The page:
It’s not difficult to recognize the dystopian world of José Rivera’s Brainpeople: a land of extreme income difference, where the few rich have private armies for protection and the rest are subject to the caprices of martial law. The Throughline Theatre Co. production of this magic-realism play from 2008 portrays the logical outcome of such a system: people soulless and crazy on so many levels.
The setting is a dinner party for three women: the wealthy (though barefoot; symbolism alert?) hostess and two strangers. The festivities, and the play, quickly fragment, like an exploded stained-glass window. The characters pick up various jagged pieces — often a painful process — and progress toward some more coherent picture, or at least a conclusion.
Yes, there is a plot, but it’s more fun to come to the surprises unspoiled. Directed by Sean Sears, assisted by Casey Cunningham and Vance Weatherly, Brainpeople is a seductively dark comedy and a showcase for talented actors. Amy Portenlanger quickly dominates the action as, in the words of another character, a “one-woman circus.” Her multiple personalities, taxing Portenlanger’s ranges of accents and portrayals, begin scary and then pile on more fear and energy. Kaitlin Kerr takes victimhood to a new level as Ani, whose own lunacy takes longer to reveal. And Maura Underwood sexily underplays the glamorous hostess, Mayannah.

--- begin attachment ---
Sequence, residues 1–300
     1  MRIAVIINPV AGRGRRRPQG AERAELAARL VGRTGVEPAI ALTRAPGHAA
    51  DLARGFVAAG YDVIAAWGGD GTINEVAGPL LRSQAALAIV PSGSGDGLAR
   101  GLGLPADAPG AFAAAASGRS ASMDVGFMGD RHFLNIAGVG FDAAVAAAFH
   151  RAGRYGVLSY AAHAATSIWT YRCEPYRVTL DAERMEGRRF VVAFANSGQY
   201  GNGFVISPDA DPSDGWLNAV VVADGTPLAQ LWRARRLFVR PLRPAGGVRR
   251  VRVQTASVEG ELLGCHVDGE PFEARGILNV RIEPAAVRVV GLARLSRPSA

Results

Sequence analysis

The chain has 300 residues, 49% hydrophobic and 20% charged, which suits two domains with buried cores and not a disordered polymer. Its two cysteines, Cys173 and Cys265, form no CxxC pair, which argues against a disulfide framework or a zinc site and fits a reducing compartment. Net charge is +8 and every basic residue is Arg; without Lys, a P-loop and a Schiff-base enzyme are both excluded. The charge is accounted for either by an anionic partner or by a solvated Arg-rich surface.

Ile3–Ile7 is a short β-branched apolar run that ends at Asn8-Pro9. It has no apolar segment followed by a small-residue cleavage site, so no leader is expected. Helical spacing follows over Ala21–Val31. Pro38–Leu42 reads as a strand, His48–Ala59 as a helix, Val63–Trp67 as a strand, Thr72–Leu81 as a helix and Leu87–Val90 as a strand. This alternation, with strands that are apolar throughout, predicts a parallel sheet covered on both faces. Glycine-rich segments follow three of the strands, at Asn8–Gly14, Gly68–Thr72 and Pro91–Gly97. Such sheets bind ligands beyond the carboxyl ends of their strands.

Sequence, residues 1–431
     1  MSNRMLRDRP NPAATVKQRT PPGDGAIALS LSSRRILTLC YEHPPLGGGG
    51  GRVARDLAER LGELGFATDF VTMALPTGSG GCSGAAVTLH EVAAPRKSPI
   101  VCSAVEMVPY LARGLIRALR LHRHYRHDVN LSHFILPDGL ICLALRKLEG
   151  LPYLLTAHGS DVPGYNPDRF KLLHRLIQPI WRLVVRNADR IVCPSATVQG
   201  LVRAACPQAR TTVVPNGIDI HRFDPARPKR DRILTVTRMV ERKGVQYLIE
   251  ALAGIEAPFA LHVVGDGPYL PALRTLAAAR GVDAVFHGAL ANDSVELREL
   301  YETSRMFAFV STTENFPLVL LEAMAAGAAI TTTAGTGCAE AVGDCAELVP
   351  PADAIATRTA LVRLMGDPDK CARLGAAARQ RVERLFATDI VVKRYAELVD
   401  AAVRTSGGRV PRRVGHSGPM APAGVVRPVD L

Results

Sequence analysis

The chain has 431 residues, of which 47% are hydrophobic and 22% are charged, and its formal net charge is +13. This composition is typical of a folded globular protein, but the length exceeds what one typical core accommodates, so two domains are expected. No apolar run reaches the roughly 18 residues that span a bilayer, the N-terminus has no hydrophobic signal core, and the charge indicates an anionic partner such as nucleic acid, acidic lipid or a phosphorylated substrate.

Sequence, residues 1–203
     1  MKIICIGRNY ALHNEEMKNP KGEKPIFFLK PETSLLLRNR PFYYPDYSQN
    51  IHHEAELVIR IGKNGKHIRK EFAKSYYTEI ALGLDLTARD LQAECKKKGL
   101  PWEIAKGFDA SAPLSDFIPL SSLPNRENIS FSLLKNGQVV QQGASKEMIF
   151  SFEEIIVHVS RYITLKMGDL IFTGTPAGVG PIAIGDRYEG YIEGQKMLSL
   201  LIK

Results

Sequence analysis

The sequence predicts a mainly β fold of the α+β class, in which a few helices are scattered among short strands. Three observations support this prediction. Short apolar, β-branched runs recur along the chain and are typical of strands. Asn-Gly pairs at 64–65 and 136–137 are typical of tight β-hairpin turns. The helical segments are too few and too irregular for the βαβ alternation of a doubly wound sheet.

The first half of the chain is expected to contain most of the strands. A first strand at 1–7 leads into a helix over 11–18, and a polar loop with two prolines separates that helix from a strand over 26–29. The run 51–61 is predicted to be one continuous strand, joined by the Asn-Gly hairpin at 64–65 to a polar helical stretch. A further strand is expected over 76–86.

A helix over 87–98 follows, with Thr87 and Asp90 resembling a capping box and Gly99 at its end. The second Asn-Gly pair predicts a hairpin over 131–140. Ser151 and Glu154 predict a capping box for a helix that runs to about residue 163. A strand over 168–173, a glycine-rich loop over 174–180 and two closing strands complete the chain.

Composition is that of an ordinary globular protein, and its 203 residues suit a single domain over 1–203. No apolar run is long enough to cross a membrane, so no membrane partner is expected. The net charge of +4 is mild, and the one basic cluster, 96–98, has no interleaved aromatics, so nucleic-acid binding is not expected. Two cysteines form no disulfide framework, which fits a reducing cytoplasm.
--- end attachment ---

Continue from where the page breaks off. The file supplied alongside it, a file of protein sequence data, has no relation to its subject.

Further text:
The exotica of Rivera’s tale is realized in an ever-changing series of background projections, ranging from ultra-modern urban landscapes to medieval depictions of the Crucifixion. (Courtesy of graphic technician Justin Kates and Weatherly on design, and Dan Freeman, assistant stage manager/projection technician, on engineering.) That mix of secular sophistication and religiosity continues in the sets and props (designed, respectively, by Joseph A. Walker and Jen Hitchcock). Applause also to Wendy E. Baxter and Tina Marie Cerny for lighting and costumes.
The title refers to the voices inside your head: telling you what to do, defining your reality, creating someone that could become you. Like the dinner it portrays, Brainpeople might be an acquired taste, but worthwhile.